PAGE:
- Schedule important events and appointments now. Most leaders allow their days to be filled up by meetings, interruptions, emergencies, and distractions, and never seem to find time for the important areas of leadership like coaching employees, attending industry events, and personal development activities. Effective leaders make these important actions a priority, and schedule them in their calendar at the beginning of the year. In order for you to reach your business goals, you need to ensure you are supporting, coaching, and guiding your employees along the way. Don’t push coaching sessions aside because you don’t think you have time. Coaching and developing employees is important for them and important for you. Coaching increases productivity, engagement, and success for employees, which translates into leadership success for you. Schedule recurring sessions in your calendar now for the rest of the year with each of your direct reports before your schedule fills up. Other important events to schedule now include conferences, professional development workshops, and even vacations.
- Create a delegation list. One of the most important skills of leadership is effective delegation. When you delegate, you free up your time to focus on more strategic projects and issues, and you empower your employee to take ownership of the project or process. You cannot possibly complete everything in your business plan by yourself. In order to achieve your business objectives, you need other people to support your efforts. Start by reviewing your annual business plan and making a list of each project or task you can delegate, who you will delegate it to, and the timeframe for completion. In your next coaching session with each employee, delegate the projects or tasks. Be sure to explain the “Why-What-When”, Why you need it (what strategic goal it ties to and the importance of that goal), What you need (providing any important instructions, parameters, and background information), and by When (the deadline). Establish the appropriate check-in process to ensure you are kept in the loop.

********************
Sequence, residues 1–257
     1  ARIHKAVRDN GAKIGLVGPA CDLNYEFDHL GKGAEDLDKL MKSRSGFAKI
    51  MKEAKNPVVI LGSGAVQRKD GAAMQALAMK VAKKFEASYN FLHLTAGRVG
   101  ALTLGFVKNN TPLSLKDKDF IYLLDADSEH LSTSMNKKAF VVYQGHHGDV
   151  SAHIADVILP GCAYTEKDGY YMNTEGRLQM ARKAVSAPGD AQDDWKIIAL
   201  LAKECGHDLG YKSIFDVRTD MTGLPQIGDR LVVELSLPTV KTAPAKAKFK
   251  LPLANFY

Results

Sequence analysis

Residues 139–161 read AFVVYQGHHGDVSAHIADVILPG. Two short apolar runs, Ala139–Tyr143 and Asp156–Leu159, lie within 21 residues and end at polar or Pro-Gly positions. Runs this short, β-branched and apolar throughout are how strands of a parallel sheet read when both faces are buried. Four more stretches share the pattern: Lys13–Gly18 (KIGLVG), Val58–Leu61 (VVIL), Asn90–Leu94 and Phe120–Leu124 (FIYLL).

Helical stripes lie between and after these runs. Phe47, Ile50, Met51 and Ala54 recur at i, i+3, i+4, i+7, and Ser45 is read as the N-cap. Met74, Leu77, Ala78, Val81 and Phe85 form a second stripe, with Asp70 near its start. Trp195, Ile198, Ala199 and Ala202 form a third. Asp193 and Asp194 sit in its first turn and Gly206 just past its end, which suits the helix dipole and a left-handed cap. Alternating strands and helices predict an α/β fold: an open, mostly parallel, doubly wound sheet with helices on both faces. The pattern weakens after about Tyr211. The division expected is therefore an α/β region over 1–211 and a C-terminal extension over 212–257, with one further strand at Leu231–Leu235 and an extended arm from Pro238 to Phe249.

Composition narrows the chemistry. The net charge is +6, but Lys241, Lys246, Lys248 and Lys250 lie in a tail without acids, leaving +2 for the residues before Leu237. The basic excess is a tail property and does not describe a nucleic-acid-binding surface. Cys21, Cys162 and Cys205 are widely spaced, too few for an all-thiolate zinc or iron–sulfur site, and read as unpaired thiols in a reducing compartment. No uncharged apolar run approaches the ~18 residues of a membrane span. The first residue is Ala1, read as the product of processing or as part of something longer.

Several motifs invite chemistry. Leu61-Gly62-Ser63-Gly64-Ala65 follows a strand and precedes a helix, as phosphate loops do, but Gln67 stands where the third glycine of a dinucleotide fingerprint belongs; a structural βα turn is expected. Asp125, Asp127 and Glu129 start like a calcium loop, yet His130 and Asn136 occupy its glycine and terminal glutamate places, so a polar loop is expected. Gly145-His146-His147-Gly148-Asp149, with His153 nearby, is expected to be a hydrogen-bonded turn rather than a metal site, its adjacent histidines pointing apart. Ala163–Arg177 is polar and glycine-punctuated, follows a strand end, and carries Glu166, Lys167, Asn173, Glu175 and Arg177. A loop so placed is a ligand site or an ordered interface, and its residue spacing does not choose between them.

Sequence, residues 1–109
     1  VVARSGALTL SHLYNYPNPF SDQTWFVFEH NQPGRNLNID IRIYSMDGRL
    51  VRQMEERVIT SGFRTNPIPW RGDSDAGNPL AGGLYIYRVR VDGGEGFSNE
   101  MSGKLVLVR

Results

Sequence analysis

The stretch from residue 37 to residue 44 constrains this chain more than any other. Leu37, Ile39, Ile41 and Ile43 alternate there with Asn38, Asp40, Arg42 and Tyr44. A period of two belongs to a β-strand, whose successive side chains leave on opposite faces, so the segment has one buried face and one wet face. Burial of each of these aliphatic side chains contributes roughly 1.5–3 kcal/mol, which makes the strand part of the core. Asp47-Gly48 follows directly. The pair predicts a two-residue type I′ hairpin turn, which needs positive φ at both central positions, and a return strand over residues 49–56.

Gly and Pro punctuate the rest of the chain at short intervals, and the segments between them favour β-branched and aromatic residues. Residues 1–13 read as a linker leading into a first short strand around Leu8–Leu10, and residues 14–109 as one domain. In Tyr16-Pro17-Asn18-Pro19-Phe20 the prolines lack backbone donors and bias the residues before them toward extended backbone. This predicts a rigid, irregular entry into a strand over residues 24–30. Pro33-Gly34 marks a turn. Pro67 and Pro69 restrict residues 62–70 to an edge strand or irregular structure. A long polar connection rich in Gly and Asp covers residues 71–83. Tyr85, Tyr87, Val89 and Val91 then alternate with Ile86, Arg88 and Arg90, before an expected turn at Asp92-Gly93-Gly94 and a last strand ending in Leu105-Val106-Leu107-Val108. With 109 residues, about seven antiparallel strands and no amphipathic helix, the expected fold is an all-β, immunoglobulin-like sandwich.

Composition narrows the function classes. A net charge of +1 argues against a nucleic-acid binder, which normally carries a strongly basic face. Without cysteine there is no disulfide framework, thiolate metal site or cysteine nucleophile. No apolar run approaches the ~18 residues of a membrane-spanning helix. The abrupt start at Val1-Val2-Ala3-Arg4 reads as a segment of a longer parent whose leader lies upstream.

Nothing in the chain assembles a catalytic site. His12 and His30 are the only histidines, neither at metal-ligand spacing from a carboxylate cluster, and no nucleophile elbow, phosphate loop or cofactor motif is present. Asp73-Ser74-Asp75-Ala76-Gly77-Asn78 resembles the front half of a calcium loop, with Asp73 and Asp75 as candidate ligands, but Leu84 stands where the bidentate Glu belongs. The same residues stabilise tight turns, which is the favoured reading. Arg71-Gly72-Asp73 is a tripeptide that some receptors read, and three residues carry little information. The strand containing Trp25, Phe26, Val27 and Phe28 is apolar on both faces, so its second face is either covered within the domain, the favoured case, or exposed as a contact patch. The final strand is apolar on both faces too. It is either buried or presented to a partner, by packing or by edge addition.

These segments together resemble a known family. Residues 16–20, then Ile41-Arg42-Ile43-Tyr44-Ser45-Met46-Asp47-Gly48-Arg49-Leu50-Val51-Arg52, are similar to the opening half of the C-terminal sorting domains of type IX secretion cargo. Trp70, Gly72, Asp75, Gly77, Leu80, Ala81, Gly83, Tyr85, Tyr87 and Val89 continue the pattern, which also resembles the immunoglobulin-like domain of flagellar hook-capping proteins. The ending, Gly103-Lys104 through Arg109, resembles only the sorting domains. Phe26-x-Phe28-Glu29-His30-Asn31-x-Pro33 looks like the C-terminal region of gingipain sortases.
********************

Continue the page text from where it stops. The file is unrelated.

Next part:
What is easy to do is also easy not to do. While these practices are simple, most leaders don’t take the time to be purposeful and end up managing at a tactical level, not leading at a strategic level. A small amount of effort can lead to much better results. If you want to be an exceptional leader and achieve your business goals this year, you need to operate at a strategic level. Take one hour to implement these four practices, and you will have a system in place to lead you to success.
I’d love to hear from you: What practices do you have in place to ensure your team achieves the business goals? Share your tips in the comments below.